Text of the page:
The idea was put forward with all innocent enthusiasm, for after all, my first show at the Bench has been to take part in 'Martin Chuzzlewit', which has been a mammoth production, and unlike anything I had ever acted in before; a large-scale event that had been so enjoyable that the memories of it still bring a smile to my face now. Yes, a big Dickens production like that, of one of the most famous Christmas stories of all.
So I found myself a copy of the script and it was pitched along with all the other Christmas ideas for the company's vote, still, at this point thinking that someone else would want to direct it. The company did indeed vote for it and for me to direct it!
I had a year and a half to produce the show, surely this would be easy... I need another year... minimum.
Christmas has for a long time been my favourite time of the year (at no other point am I openly encouraged to eat too much and get presents as well!) and 'A Christmas Carol' has long been a favourite story, whether watching Alistair Sim or Albert Finney in the role, enjoying Bill Murray in the updated 'Scrooged' or marvelling at Kermit the Frog's definitive portrayal of Bob Cratchit in 'The Muppets' Christmas Carol' I have enjoyed each and every one, as I hope that you will enjoy this version tonight.
Many people have laboured long and hard to make this production happen and I would like to thank each and every one of them, but I've been given a word limit, but they know who they are... and if they don't they should have been paying more attention!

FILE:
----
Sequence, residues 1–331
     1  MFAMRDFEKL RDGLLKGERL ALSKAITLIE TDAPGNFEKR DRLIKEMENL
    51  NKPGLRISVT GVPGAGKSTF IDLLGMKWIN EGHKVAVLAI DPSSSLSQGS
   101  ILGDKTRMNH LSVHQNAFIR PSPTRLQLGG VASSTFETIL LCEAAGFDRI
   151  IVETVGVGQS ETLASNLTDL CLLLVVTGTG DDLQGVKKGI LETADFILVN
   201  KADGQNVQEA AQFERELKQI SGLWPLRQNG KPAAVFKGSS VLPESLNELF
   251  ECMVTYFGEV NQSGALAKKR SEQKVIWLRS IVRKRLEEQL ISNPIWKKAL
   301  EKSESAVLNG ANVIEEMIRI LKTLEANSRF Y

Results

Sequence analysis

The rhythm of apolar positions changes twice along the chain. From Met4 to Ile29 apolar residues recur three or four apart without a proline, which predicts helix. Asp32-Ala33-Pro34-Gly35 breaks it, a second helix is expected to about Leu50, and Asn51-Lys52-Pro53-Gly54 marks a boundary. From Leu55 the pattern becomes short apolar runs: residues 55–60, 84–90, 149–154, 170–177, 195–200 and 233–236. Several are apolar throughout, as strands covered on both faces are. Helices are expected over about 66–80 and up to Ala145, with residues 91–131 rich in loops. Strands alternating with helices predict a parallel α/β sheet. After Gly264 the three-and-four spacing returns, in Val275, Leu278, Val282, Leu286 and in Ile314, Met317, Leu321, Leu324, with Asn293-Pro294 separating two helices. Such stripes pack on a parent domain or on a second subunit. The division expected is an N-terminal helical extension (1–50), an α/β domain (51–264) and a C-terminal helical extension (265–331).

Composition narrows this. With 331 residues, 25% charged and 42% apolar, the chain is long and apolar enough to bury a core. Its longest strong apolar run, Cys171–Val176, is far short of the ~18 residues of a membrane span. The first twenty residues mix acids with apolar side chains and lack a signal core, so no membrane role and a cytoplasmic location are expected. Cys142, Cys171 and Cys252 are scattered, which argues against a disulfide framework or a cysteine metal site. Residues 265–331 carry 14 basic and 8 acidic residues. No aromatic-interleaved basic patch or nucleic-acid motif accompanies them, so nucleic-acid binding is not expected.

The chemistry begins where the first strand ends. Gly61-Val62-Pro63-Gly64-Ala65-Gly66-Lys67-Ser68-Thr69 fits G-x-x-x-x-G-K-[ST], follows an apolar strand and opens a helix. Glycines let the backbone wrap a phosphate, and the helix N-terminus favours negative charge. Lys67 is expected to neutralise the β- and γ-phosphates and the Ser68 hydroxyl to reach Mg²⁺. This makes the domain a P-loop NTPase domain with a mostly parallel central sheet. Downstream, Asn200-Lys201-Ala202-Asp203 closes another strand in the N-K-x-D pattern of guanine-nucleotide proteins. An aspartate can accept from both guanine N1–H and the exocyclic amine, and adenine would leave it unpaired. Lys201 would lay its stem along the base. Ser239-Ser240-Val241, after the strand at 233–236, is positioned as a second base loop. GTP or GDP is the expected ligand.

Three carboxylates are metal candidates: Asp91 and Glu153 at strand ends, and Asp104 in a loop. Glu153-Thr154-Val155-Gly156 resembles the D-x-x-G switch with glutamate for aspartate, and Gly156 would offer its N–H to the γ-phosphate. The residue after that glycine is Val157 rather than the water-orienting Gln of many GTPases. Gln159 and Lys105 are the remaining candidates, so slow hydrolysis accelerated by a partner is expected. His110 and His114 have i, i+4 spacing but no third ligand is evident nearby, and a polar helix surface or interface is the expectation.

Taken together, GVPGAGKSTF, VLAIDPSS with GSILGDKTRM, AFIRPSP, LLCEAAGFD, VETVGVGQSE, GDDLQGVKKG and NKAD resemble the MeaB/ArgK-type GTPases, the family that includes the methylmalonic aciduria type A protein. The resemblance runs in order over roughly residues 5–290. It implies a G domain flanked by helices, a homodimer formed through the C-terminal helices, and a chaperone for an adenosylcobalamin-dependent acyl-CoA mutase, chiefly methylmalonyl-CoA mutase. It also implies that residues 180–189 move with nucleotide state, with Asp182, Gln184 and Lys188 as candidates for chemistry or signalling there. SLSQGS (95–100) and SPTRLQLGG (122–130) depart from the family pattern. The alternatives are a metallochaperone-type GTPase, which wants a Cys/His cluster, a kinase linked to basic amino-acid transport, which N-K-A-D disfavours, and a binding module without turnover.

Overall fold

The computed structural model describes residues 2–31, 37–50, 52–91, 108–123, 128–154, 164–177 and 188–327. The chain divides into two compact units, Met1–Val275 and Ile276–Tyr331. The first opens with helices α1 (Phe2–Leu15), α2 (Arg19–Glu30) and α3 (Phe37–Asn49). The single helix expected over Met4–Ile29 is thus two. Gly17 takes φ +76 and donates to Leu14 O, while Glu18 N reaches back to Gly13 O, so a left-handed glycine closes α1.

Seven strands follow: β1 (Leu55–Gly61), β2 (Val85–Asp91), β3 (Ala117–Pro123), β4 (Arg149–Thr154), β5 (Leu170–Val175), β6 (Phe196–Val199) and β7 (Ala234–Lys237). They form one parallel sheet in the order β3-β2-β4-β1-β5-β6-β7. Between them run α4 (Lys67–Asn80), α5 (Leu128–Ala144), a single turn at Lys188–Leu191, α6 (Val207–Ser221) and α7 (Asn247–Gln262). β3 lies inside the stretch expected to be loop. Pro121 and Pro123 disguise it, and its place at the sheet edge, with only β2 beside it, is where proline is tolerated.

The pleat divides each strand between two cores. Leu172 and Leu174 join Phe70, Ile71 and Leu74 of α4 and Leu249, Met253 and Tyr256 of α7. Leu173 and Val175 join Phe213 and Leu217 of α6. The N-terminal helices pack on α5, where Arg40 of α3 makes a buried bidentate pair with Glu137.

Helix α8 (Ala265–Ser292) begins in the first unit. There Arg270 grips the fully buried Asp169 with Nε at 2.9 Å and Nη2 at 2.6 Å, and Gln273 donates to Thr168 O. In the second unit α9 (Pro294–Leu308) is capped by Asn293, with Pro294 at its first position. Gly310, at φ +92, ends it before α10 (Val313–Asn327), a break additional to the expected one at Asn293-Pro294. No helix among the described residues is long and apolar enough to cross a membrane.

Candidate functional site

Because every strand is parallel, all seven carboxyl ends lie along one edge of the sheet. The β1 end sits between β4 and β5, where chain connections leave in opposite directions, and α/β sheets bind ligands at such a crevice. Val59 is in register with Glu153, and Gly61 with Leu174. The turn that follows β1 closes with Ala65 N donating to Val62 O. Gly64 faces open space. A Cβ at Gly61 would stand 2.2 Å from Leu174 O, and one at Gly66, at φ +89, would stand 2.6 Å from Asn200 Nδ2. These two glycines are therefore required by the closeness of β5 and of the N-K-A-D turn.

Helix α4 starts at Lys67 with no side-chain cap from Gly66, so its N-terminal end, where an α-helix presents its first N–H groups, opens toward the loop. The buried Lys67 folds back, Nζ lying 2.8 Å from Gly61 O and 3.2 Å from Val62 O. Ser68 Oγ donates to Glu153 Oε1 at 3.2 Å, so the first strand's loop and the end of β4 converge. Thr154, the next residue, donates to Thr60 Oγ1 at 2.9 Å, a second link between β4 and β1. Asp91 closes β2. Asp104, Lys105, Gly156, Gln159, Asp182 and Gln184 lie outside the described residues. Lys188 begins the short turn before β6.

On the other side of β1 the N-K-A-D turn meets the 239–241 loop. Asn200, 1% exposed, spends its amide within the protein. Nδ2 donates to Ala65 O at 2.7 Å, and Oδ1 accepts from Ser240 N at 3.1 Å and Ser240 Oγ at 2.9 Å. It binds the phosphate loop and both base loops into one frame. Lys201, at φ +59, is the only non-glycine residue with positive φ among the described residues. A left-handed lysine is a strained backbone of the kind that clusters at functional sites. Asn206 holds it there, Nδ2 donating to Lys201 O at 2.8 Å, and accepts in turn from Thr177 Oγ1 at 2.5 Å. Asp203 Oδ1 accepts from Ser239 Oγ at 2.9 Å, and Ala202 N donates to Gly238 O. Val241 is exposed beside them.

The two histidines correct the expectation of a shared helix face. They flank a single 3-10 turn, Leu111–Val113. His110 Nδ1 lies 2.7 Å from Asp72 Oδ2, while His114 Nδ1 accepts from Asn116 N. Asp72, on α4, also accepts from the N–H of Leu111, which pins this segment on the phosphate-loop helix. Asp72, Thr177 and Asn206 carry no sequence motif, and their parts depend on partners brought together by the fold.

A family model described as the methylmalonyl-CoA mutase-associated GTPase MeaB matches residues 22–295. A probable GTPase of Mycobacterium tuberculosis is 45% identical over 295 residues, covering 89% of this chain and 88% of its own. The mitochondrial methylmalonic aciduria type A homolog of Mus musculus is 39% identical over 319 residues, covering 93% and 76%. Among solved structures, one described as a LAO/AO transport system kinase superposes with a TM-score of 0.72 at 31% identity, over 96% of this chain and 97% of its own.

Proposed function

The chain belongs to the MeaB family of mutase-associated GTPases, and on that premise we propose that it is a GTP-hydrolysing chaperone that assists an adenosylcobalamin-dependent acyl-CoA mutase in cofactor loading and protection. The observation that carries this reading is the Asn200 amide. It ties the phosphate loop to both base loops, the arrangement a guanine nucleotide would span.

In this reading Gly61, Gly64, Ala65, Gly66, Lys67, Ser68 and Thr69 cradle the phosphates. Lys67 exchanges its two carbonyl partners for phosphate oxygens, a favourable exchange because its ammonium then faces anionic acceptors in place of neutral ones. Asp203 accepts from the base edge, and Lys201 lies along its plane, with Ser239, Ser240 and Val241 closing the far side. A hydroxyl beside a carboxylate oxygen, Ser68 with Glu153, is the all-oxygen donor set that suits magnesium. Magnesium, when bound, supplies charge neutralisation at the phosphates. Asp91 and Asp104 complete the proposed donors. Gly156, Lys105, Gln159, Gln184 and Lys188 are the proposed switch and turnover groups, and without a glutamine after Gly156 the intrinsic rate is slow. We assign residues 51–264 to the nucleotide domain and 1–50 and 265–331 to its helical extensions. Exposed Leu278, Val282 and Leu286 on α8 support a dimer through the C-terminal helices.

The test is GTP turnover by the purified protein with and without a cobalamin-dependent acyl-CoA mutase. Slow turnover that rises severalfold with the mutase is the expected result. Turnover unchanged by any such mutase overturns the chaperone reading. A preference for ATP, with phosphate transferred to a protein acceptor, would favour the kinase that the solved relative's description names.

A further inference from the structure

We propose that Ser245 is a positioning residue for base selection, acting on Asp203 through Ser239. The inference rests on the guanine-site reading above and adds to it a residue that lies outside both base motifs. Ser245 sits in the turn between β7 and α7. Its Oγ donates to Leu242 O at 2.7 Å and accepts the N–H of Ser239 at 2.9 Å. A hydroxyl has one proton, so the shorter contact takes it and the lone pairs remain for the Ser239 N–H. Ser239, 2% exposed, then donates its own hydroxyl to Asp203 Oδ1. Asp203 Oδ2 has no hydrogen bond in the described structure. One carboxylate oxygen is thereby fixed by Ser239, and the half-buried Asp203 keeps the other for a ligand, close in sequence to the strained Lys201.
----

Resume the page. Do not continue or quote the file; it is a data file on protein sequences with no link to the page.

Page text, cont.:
Thank you also for venturing out tonight to see the show. I hope it does fill you with Christmas cheer because that was our show's only intent.
So Merry Christmas and a Happy New Year to you all, and may the spirits in your house this Christmas only be the ones you drink!
I am embarrassed to admit that what I remember about this well-known Charles Dickens story comes from 'The Muppets' Christmas Carol' and not from reading the novel years ago. So it's good to have a fresh memory - a delightful performance by Bench Theatre.
The cast, many playing more than one part, bring the streets of Victorian England to life as they tell the story of Ebenezer Scrooge. On Christmas Eve, miser Scrooge receives visits from three ghosts to show him Christmas past, present and yet to come and he discovers the true meaning of Christmas. It might not sound very cheery but there are actually plenty of laughs. The theatre company use a simple set and props to best advantage and have some wonderful costumes, especially those of the ghosts.
Alan Welton, who plays Scrooge, keeps the audience spellbound. But it's Neil Kendall who steals the show as Bob Cratchit with his captivating mannerisms. Also worth a mention are the talented actors playing the ghosts, including Jaspar Utley who appears dragging his chains behind him as the ghost of Jacob Marley and Peter Woodward as the eerie ghost of Christmas yet to come.
My only criticism would be the show is very long - three hours including interval. But after such a big dose of spirit an humour you won't be leaving the theatre saying 'Humbug'. Until December 19.
The News, 10th December 2004